Apollo 8 astronaut Bill Anders, who captured ‘Earthrise,’ killed in plane crash


Apollo 8 astronaut Bill Anders, who captured ‘Earthrise,’ killed in plane crash

Bill Anders, who as an Apollo 8 astronaut was one of the first people to fly to the moon in 1968, was killed on Friday (June 7) when the vintage plane he was piloting crashed off the coast of the San Juan Islands in northwest Washington State.

Anders, 90, was confirmed to be the pilot of the downed Beechcraft T-34 Mentor single-engined aircraft by his son in a statement to the media.

“The family is devastated,” said Greg Anders. “He was a great pilot. He will be missed.”

“He traveled to the threshold of the moon and helped all of us see something else: ourselves. He embodied the lessons and the purpose of exploration. We will miss him,” said NASA Administrator Bill Nelson in a statement.

The plane crash occurred at about 11:40 a.m. PDT (1840 GMT) off the coast of Jones Island in San Juan Channel, near Orcas Island where Anders resided. The aircraft was one of three such Air Force trainers owned and operated by Anders’ Heritage Flight Museum in Burlington, Washington.

Video of the accident taken by local residents appeared to show Anders failing to pull up at the bottom of a loop and impacting the water.

Related: 50 years after ‘Earthrise,’ a Christmas Eve message from its photographer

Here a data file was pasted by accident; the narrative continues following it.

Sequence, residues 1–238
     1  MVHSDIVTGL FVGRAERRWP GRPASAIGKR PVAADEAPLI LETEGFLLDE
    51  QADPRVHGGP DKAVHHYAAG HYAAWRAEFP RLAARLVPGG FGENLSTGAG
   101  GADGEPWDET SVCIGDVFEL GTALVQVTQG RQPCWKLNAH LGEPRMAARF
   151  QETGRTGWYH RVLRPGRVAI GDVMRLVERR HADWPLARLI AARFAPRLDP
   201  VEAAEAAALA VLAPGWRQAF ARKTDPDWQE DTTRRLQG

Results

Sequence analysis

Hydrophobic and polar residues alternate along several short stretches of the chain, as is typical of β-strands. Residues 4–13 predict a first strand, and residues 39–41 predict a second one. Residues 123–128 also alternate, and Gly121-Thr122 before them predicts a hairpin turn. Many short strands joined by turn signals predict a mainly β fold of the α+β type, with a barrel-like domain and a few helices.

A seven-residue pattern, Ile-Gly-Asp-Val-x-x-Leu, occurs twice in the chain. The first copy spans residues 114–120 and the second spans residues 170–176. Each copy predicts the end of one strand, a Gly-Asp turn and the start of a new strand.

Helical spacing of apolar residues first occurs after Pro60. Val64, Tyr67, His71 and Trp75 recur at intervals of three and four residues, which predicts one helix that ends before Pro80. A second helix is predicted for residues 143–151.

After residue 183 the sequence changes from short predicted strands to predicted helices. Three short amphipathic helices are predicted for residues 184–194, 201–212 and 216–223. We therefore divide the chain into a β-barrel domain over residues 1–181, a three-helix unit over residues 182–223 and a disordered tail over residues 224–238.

Astronaut Bill Anders holds models of the Gemini spacecraft and its docking target vehicle in his 1964 NASA official portrait. (Image credit: NASA)

A member of NASA’s third group of astronauts chosen in 1963, Anders’ only flight into space was as lunar module pilot on the Apollo 8 crew. On Dec. 21, 1968, Anders, together with mission commander Frank Borman and command module pilot James Lovell, became the first people to launch on NASA’s Saturn V rocket on a six-day mission to circle the moon.

Three days later, Anders and his crewmates entered lunar orbit, where they were the first to see our home planet emerge from beyond the moon’s horizon. Anders’ now-iconic color photo of “Earthrise” was credited with inspiring the environmental movement and was reproduced on a U.S. postage stamp.

“The most impressive aspect of the flight was [when] we were in lunar orbit,” said Bill Anders in a 1997 NASA oral history. “We’d been going backwards and upside down, didn’t really see the Earth or the sun, and when we rolled around and came around and saw the first Earthrise. That certainly was, by far, the most impressive thing, to see this very delicate, colorful orb — which to me looked like a Christmas tree ornament — coming up over this very stark, ugly lunar landscape.”

Anders was also one the first people to see in person the far side of the moon.

Splashing down in the North Pacific Ocean, Anders logged a total of six days, three hours and 42 seconds in space, including 20 hours completing 10 orbits of the moon.

Bill Anders adjust his communications carrier (“Snoopy cap”) while getting suited up for the Apollo 8 mission launch in 1968. (Image credit: NASA)

William Alison “Bill” Anders was born on Oct. 17, 1933, in Hong Kong, where his father was then stationed by the U.S. Navy. 

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